I did nearly get in a spot of trouble when visiting this site as it was made clear from the outset that you were not allowed to touch or stand on any of these ancient, historical relics. Towards the end, when taking a photo I stood on a small wall to get a better position and one of the attendants ran over shouting at me and waving his hands to get off. I honestly thought it was just a modern wall that had been placed there to circle around the main temples and didn’t actually realise that I was standing on a world heritage ruin. In my defence, I did see another girl do the same thing there so it was an easy mistake.
The first 3 photos are of bomb craters from the Vietnam War.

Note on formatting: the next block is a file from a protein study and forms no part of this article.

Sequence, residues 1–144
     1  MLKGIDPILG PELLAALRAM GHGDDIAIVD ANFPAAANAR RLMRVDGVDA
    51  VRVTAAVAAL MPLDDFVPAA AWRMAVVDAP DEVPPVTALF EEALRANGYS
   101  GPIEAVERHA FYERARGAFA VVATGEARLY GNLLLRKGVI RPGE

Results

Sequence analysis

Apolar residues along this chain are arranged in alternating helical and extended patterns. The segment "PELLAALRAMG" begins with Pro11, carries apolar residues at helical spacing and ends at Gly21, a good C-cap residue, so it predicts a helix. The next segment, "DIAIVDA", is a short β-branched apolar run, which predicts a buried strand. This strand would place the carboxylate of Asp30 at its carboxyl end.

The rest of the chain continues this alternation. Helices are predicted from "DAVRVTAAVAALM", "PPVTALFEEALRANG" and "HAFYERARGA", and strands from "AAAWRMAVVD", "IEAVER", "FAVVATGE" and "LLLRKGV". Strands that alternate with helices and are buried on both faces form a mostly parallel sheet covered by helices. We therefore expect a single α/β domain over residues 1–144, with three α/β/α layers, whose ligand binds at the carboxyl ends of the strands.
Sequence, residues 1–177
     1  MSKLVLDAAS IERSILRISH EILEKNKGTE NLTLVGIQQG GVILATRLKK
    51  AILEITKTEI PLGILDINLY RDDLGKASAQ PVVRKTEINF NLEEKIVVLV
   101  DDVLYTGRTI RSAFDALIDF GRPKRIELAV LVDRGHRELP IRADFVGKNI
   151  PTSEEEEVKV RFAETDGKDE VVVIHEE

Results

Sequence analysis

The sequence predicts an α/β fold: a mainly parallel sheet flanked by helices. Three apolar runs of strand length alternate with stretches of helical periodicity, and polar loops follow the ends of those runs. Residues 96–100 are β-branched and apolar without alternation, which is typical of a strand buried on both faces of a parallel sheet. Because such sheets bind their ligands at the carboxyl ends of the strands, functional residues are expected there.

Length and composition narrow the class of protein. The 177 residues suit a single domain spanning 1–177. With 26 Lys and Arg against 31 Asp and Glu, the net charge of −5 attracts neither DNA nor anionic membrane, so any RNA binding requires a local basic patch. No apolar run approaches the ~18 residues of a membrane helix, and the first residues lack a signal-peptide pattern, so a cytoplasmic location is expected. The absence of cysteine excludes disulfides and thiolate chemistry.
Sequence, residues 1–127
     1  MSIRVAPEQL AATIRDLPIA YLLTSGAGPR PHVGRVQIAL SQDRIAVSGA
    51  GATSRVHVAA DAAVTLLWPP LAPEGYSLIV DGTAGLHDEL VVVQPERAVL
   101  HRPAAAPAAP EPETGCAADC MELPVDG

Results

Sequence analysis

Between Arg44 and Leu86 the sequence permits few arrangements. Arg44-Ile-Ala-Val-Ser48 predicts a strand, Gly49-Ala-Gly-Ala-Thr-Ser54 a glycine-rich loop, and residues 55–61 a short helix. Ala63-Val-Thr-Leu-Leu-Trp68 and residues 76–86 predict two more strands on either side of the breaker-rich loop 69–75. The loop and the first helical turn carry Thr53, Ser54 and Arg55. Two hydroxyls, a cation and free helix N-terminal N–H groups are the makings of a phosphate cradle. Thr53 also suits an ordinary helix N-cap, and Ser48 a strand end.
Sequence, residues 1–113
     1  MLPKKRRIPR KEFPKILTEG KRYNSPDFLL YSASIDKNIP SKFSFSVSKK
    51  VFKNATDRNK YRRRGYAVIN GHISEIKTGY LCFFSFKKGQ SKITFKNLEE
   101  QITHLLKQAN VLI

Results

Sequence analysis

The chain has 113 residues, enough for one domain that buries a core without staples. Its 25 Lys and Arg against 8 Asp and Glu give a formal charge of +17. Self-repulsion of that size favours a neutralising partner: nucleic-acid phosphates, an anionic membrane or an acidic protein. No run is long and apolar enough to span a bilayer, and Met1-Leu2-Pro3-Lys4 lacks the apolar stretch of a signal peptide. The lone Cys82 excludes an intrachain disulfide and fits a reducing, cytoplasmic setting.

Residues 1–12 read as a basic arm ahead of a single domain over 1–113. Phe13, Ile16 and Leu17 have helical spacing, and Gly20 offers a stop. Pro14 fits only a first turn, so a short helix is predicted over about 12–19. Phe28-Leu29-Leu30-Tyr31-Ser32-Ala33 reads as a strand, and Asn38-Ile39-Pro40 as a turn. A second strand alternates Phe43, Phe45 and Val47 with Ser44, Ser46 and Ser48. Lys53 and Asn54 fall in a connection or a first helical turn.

Apart from the visit to My Son, during my time in Hoi An, I did also do a lot of the relaxing stuff like I had intended to and I got on so well with the place that I extended my stay from 2 nights to 4 nights – the beauty of long-term travel I guess.
I took a few decent massages, went on some nice long walks and explored the area properly, and just chilled out generally. After the first night, I managed to stay away from any mad parties (although I was very tempted) and just had the odd beer here and there and some decent food, watched some live music to which included a rather enchanting version of Beyoncé’s “Put a ring on it”.
It was basically just a really chilled few days which is what I wanted after doing all the tourist stuff and bus travel.